Iranian President Hassan Rohani said on September 7 that Islamic countries should take "punitive" measures against Saudi Arabia. He added that "regional countries and the Islamic world should take coordinated measures to punish the government of Saudi Arabia in order to have a real hajj."

Tensions have escalated between Saudi Arabia and Iran in recent months -- particularly in January, when Iranian protesters ransacked the Saudi Embassy and set fires inside after Saudi authorities executed outspoken Shi'ite cleric Nimr al-Nimr.

History Of Violence

The history of animosity between Saudi Arabia and Iran has on several occasions spilled over to the hajj, leading to bloodshed.

At the pilgrimage in 1987, violence between Iranian Shi'ite pilgrims and Saudi security forces led to the deaths of more than 400 people, including 275 Iranians.

Beginning in the early 1980s, Iranian pilgrims held annual demonstrations against Israel and the United States at the hajj. But in 1987, Saudi police and national guards sealed part of the planned demonstration route, leading to a confrontation. This escalated into a violent clash, followed by a deadly stampede that killed hundreds and injured thousands more.

Muslim pilgrims touch the Kaaba, Islam's holiest shrine, at the Grand Mosque in Mecca on September 6.

Muslim pilgrims touch the Kaaba, Islam's holiest shrine, at the Grand Mosque in Mecca on September 6.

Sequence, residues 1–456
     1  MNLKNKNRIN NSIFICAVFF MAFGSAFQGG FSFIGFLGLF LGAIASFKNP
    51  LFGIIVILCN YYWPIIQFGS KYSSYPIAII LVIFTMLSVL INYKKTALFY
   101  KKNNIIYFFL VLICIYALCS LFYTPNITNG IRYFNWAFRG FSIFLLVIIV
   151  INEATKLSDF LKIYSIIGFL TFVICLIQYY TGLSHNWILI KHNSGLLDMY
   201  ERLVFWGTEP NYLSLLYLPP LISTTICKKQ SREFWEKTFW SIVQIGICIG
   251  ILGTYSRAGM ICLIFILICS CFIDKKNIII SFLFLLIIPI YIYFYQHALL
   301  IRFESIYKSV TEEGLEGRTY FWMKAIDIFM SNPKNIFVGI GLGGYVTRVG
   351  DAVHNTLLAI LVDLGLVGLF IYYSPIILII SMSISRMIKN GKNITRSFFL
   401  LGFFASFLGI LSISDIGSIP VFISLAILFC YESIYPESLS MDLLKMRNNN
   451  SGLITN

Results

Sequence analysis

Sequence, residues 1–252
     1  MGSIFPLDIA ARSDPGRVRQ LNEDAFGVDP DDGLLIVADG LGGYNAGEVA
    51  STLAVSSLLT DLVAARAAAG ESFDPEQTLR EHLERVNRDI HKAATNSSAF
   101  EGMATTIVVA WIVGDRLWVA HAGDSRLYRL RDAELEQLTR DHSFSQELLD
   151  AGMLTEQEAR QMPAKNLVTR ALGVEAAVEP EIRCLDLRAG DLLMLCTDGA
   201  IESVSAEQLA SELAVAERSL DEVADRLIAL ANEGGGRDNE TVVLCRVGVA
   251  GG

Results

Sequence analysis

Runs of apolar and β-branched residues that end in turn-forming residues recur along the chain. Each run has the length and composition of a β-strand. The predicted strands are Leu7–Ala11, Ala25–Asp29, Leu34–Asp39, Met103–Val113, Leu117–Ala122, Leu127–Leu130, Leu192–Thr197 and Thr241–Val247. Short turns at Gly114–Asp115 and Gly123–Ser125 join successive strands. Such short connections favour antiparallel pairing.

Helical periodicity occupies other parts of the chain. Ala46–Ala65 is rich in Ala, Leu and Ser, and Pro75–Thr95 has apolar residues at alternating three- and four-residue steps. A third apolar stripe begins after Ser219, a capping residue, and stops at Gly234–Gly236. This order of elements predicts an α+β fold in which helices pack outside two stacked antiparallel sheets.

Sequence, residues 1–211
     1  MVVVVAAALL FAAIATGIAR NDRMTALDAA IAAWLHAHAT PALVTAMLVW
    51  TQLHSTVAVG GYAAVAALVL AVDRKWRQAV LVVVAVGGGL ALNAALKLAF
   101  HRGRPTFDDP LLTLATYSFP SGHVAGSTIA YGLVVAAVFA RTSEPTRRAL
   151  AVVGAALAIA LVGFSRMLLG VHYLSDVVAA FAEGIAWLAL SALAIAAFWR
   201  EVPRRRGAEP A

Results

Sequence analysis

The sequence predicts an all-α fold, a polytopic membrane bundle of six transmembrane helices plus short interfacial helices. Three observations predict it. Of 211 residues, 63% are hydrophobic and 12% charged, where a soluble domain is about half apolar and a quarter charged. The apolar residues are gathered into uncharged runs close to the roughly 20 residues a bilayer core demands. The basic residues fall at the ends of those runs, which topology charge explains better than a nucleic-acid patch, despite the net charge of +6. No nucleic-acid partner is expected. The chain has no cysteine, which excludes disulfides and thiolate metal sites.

Following the incident, enraged Iranians attacked the Saudi Embassy in Tehran, while Iranian Supreme Leader Ayatollah Ruhollah Khomeini called on ordinary Saudis to overthrow the ruling Saud family in revenge for the pilgrims' deaths. Iran officially boycotted the hajj for the next three years.

Saudi Arabia, meanwhile, severed its ties with Iran and reduced the number of Iranian pilgrims permitted to take part in the hajj to 45,000, down from 150,000 before the incident.

Events in 1989 further dented relations, as Saudi Arabia accused Iran in connection with two bombing incidents during the hajj, purportedly in retaliation for Saudi restrictions against Iranian pilgrims. The twin bombings killed one pilgrim and wounded a further 16. Saudi authorities eventually executed 16 Kuwaiti Shi'a for the bombings after originally blaming Iranian terrorists.

In the early 1990s, diplomatic relations were restored and an agreement was reached to allow Iranian pilgrims to perform the hajj. Demonstrations have since been permitted by the Saudi authorities only in a specific compound in Mecca, with few incidents reported thereafter.

The hajj, a religious duty for able Muslims and one of the largest pilgrimages in the world, routinely attracts more than 1.5 million Muslims from around the world.

Pilgrims converge on Mecca and perform a series of rituals over several days that include walking counterclockwise seven times around the Kaaba, the cube-shaped building that acts as the Muslim direction of prayer; visiting the plains of Arafat to hold vigil and seek divine mercy; and throwing pebbles in a ritual known as the Stoning of the Devil.

The rituals end with three days of celebrations around the world marking Eid al-Adha.

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    Frud Bezhan

    Frud Bezhan covers Afghanistan and the broader South Asia and Middle East region. Send story tips to bezhanf@rferl.org